But for every Polish or other Eastern European professional who was lucky enough to find work in their field, there are many others not so fortunate. Andrzej, 28, is a graphic designer looking for creative work - at the moment he is supporting himself by doing painting and decorating jobs.

"I am confident that soon I will be able to find something in my profession," he said. "It takes time to get used to living in a new country. When I first came here, I had to spend all my time just figuring out the basics: how to rent an apartment, how to pay the bills, where to buy what... I've been here for six months, and in those months, I think I have learned more about how to get good work."

Most of the immigrants from the new EU member states are in the so-called invisible sector: They work in food processing and as seasonal agricultural staff. According to Home Office figures for the past year, 82 percent are between the ages of 18 to 34, and 56 percent work in factories. But British cities also have a highly visible Polish presence - every London cafe or restaurant seems to have Polish staff.

With the burgeoning Polish population, British businesses have spotted a gap in the market. The Centre for Economics and Business Research believes the average Polish immigrant worker has a disposable income of between £6,000 and £7,000 a year and that the market is worth about £4 billion annually.

Supermarkets now stocks items familiar to every Pole: Winiary packet soups and stock cubes, Pudliszki ready meals, as well as sausages and sauerkraut. Borders became the first bookstore chain to introduce a Polish language section. Branches in London's Oxford Street, Southampton and Birmingham have been stocking over 100 books in Polish since July.

The do-it-yourself store, B&Q, has dual-language signs in selected stores to help Polish builders find what they need. A Polish university is setting up a satellite branch in West London to allow the booming number of Poles who earn a living in Britain to continue their studies here as well.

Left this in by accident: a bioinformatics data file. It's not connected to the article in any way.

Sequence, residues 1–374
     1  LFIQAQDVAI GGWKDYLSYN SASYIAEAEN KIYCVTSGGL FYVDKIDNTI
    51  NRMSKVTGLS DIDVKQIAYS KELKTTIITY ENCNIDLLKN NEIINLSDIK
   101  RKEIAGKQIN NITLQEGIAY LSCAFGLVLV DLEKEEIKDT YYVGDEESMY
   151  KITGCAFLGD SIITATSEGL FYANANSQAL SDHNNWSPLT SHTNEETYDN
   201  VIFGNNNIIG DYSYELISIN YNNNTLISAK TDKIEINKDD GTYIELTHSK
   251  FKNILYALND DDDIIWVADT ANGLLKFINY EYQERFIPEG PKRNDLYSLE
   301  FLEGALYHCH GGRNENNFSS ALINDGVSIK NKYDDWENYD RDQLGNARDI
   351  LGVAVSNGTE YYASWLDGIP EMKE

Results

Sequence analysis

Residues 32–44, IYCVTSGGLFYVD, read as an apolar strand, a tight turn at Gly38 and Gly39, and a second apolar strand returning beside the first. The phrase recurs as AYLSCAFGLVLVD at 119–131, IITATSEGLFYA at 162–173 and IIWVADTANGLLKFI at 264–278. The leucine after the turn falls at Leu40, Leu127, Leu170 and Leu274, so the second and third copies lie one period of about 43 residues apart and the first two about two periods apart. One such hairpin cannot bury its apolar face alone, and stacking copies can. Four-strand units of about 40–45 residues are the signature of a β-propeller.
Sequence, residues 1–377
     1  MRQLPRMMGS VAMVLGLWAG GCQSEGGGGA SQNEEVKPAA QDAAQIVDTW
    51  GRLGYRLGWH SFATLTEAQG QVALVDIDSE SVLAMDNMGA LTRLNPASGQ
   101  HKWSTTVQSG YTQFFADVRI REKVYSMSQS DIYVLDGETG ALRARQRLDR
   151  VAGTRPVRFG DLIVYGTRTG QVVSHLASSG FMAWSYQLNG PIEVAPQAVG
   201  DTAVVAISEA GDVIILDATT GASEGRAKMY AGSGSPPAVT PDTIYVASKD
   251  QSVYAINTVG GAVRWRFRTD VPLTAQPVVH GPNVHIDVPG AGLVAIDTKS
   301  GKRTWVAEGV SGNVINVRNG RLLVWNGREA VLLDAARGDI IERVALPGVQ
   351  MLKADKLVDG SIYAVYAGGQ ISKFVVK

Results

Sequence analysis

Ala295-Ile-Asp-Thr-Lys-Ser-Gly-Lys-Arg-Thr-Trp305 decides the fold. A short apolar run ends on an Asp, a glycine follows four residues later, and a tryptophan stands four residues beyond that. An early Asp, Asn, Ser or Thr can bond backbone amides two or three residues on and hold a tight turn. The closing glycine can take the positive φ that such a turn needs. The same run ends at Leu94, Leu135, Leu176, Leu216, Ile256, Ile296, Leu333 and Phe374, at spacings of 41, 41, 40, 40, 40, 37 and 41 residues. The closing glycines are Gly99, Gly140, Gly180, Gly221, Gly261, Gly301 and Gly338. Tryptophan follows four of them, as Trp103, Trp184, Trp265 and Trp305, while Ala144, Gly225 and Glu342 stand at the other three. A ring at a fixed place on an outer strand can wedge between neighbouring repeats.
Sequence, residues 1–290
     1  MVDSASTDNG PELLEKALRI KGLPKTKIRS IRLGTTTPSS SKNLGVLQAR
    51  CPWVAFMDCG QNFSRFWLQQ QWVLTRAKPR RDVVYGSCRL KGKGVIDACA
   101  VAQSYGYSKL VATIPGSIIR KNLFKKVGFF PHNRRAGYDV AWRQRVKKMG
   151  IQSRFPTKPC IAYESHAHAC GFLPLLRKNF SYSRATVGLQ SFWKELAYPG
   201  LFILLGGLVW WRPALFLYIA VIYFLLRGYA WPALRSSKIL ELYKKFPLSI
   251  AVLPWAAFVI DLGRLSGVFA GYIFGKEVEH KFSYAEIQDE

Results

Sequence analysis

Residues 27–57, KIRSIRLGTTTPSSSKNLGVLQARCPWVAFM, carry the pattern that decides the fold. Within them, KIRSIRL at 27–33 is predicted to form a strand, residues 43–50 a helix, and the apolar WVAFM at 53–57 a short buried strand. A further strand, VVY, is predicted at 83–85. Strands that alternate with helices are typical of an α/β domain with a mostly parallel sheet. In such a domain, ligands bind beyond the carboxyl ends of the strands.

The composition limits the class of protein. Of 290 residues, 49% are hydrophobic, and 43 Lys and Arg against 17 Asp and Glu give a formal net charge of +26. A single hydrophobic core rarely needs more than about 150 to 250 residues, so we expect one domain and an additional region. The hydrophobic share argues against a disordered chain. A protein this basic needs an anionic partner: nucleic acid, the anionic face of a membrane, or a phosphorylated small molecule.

Pairing immigrants with jobs has become good business in the UK. Polish Express, a Polish language newspaper, organizes monthly employment fairs at which about 40 recruitment consultants and employment agencies search for suitable candidates.

The Reading Chronicle became the first newspaper to produce a Polish edition: The "Reading Kronika" has seven pages and is sold in Polish delis, shops and clubs across Berkshire. Several banks have introduced dedicated Polish bank accounts in the UK offering both current account services and access to customers' funds in Poland.

Local authorities have caught on: Thames Valley Police is looking for Polish speakers to join their call centers and answer emergency telephone calls. In Cheshire, and some other areas, road signs are in Polish.

Even Glastonbury festival, that great British institution, hosted two Polish bands this year, Poise Rite and Habakuk. They performed on the left field stage in an event organized by the GMB union, in order to highlight the plight of the immigrant workers who are having trouble obtaining the basic employment rights. In the words of the Polish consul-general, Janusz Wach: the life of Polish immigrant workers in the UK is not always "hunky-dory." They face big challenges.

- Vanessa Quick is a Bristol based journalist and filmmaker.